• Music Industry & Performer Exemptions: AB 2257 creates several exemptions for the entertainment industry, primarily in the music industry. First, the following occupations involved in creating, marketing, promoting or distributing sound recordings or musical compositions are exempt from the ABC Test: recording artists, songwriters, lyricists, composers, proofers, managers of recording artists, record producers and directors, musical engineers and mixers, musicians, vocalists, photographers, independent radio promoters and certain types of publicists. Notably, however, musicians and vocalists who do not receive royalties from a sound recording or musical composition must be paid the applicable minimum and overtime wages, as though they were employees. Second, musicians and musical groups engaged for a single-engagement live performance event (i.e., a concert) are exempt from the ABC Test unless: (a) they perform as a symphony orchestra, or in a musical theater production, or at a theme park or amusement park; (b) are an event headliner in a venue with more than 1,500 attendees; or (c) perform at a festival that sells more than 18,000 tickets per day. Finally, individual performance artists including comedians, improvisers, magicians and illusionists, mimes, spoken word performers, storytellers and puppeteers who perform original work they created will qualify for an exemption so long as they are free from the hirer’s control, retain the intellectual property rights related to their performance, set their terms of work and negotiate their rates.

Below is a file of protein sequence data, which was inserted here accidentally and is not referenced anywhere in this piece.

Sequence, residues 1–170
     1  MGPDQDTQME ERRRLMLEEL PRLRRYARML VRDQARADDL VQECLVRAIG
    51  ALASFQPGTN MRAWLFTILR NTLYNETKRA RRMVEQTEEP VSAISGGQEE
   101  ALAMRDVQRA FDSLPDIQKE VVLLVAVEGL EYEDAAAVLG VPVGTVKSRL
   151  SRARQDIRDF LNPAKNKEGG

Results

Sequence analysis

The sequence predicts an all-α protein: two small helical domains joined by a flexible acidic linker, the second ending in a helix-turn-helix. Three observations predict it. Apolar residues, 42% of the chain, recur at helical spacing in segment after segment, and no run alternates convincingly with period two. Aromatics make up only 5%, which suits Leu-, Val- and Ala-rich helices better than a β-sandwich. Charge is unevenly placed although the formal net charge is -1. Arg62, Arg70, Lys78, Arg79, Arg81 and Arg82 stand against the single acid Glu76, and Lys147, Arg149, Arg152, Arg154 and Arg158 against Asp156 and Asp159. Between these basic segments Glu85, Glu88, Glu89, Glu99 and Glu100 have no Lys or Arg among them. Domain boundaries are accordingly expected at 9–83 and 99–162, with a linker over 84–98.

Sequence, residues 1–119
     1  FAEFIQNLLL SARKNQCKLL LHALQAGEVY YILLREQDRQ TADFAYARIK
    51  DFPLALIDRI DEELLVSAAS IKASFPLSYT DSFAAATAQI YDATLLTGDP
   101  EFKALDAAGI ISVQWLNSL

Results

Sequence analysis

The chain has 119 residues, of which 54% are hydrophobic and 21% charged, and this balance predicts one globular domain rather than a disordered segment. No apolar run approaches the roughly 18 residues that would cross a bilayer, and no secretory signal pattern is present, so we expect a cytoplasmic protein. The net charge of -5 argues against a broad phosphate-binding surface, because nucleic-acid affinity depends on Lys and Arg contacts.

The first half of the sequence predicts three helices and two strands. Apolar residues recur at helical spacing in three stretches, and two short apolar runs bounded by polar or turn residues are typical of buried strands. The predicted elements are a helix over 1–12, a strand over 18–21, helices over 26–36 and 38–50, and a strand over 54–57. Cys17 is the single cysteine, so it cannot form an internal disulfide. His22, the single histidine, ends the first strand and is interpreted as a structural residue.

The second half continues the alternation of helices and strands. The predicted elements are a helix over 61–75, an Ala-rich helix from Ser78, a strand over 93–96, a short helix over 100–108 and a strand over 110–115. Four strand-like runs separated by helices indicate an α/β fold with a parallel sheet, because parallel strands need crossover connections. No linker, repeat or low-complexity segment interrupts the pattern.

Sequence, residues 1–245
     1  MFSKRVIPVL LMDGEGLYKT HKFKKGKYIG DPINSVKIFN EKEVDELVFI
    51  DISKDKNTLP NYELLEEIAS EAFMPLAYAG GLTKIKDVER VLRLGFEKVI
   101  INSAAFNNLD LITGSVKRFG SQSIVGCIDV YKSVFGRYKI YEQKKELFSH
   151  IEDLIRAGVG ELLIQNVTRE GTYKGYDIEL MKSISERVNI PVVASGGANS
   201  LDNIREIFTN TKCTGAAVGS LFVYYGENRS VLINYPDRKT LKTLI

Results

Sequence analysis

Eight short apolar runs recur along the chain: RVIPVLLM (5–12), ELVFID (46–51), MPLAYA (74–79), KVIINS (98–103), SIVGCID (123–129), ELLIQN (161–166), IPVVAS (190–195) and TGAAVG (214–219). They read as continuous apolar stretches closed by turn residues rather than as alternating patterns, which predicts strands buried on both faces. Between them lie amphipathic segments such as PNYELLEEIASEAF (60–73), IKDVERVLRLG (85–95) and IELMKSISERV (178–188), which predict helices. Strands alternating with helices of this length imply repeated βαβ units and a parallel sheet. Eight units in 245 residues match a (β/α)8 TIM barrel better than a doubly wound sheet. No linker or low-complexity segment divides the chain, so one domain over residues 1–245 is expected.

• Miscellaneous Exemptions: Subject to certain requirements, AB 2257 adds exemptions for the following occupations: manufactured housing salespersons; certain individuals engaged by international exchange visitor programs; and competition judges (including amateur umpires and referees).